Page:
Officers from the Polish police force's special Speed team spotted a Mercedes barreling down the S3 expressway at 249 kph, more than twice the limit of 120 kph, Grzegorz Jaroszewicz, a spokesman for police in the city of Gorzów Wielkopolski, said on Wednesday.
They immediately gave chase and eventually stopped the car, whose driver "was amazed at the performance of the police vehicle," Jaroszewicz added.
Full of disbelief that the police have caught up with him, the 40-year-old man from the central Mazowieckie province told the officers he had been rushing to a business meeting, Jaroszewicz told reporters.
The Speed team decided a fine of a couple of hundred zlotys would be insufficient for such speeding and referred the case to court, state news agency PAP reported.
It said Polish judges usually agree with the police in such cases, often imposing heavy financial penalties of up to several thousand zlotys.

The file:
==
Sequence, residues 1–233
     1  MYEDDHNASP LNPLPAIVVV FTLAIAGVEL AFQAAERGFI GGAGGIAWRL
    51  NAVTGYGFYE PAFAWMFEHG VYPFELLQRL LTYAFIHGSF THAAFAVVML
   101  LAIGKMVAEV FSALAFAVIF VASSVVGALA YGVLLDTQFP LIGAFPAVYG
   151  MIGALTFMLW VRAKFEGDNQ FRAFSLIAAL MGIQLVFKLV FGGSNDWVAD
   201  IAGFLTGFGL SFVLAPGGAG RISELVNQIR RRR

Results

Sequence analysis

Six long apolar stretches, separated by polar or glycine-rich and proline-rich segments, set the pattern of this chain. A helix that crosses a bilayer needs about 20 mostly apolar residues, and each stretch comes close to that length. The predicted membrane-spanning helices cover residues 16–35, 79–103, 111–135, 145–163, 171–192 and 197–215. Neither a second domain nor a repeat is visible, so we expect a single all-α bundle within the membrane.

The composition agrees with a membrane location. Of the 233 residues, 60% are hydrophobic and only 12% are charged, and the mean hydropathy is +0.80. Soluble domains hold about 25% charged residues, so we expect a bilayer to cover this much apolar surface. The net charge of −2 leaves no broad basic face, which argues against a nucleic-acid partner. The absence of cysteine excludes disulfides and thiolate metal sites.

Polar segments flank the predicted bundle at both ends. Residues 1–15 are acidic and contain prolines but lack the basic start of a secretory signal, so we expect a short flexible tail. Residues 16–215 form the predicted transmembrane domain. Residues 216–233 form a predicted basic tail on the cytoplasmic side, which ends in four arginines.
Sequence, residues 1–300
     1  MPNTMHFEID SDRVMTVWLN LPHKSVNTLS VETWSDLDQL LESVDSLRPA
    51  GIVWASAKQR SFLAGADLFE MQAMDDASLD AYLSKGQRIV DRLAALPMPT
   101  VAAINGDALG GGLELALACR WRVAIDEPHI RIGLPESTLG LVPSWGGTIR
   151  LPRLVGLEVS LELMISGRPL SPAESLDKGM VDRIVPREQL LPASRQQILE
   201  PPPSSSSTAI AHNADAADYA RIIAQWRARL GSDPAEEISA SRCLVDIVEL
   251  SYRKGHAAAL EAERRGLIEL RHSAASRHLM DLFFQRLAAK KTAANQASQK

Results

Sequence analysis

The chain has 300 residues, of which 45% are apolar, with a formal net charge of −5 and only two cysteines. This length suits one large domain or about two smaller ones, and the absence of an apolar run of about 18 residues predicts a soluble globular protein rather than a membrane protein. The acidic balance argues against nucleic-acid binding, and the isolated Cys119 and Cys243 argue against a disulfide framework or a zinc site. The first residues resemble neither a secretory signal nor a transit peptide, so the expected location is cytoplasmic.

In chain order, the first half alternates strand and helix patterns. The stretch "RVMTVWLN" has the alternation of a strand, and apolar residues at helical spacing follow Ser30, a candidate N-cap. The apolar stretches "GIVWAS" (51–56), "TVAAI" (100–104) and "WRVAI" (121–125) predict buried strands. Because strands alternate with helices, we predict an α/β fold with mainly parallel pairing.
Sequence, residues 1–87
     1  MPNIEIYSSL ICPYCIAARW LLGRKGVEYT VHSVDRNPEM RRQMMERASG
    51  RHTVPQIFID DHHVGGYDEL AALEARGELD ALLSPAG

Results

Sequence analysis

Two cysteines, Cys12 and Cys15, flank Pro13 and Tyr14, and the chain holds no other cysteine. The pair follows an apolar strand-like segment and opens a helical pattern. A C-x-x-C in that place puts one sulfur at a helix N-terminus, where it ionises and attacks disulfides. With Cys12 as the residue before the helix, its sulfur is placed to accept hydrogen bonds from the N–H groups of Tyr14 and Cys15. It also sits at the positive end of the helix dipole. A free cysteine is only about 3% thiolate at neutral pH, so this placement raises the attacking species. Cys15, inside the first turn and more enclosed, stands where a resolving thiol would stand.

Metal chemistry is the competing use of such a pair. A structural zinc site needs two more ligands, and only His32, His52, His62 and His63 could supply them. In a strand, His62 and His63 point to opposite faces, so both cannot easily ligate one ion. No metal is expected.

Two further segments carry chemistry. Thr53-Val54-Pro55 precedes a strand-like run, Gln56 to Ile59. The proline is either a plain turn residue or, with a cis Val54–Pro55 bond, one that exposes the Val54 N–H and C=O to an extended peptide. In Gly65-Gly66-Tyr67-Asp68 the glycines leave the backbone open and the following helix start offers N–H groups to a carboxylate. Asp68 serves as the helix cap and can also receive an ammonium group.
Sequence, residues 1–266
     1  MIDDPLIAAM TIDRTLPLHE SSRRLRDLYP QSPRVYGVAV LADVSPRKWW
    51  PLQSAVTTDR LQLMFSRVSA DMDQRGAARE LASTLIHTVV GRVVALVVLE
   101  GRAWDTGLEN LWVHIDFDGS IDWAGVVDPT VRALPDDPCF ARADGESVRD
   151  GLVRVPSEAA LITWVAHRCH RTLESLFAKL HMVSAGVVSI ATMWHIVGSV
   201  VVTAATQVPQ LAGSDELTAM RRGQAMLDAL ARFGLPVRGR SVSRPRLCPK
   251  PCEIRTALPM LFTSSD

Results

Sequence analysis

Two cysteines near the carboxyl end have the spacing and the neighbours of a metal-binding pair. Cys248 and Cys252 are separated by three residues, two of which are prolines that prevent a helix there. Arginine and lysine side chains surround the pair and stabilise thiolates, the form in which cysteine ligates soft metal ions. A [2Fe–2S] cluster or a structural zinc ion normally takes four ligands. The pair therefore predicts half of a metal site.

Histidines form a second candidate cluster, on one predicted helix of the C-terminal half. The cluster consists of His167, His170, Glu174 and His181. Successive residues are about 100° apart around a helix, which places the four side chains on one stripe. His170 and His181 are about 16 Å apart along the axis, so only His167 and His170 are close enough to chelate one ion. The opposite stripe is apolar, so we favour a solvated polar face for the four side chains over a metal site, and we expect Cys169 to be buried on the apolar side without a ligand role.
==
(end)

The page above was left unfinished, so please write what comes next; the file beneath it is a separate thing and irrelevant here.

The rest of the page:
There is no shortage of speeders among Polish motorists, according to police data. The country's roads are notoriously dangerous and the number of pedestrians killed in the streets is the highest in Europe, public broadcaster Polish Radio's IAR news agency has reported.
In July, the government adopted a bill to tighten the country's traffic laws in a bid to improve road safety.
Under the bill, the maximum fine for traffic offenses would go up from PLN 5,000 (USD 1,290, EUR 1,100) to PLN 30,000 (USD 7,700, EUR 6,500).
Meanwhile, the minimum fine for drivers failing to respect pedestrians at crosswalks would in some cases rise to PLN 1,500 (USD 389, EUR 326), with repeat offenders facing a penalty of PLN 3,000 (USD 770, EUR 650).
Those breaking the speed limit by more than 30 kph would be subject to a fine of no less than PLN 1,500.
The changes are expected to come into force in December.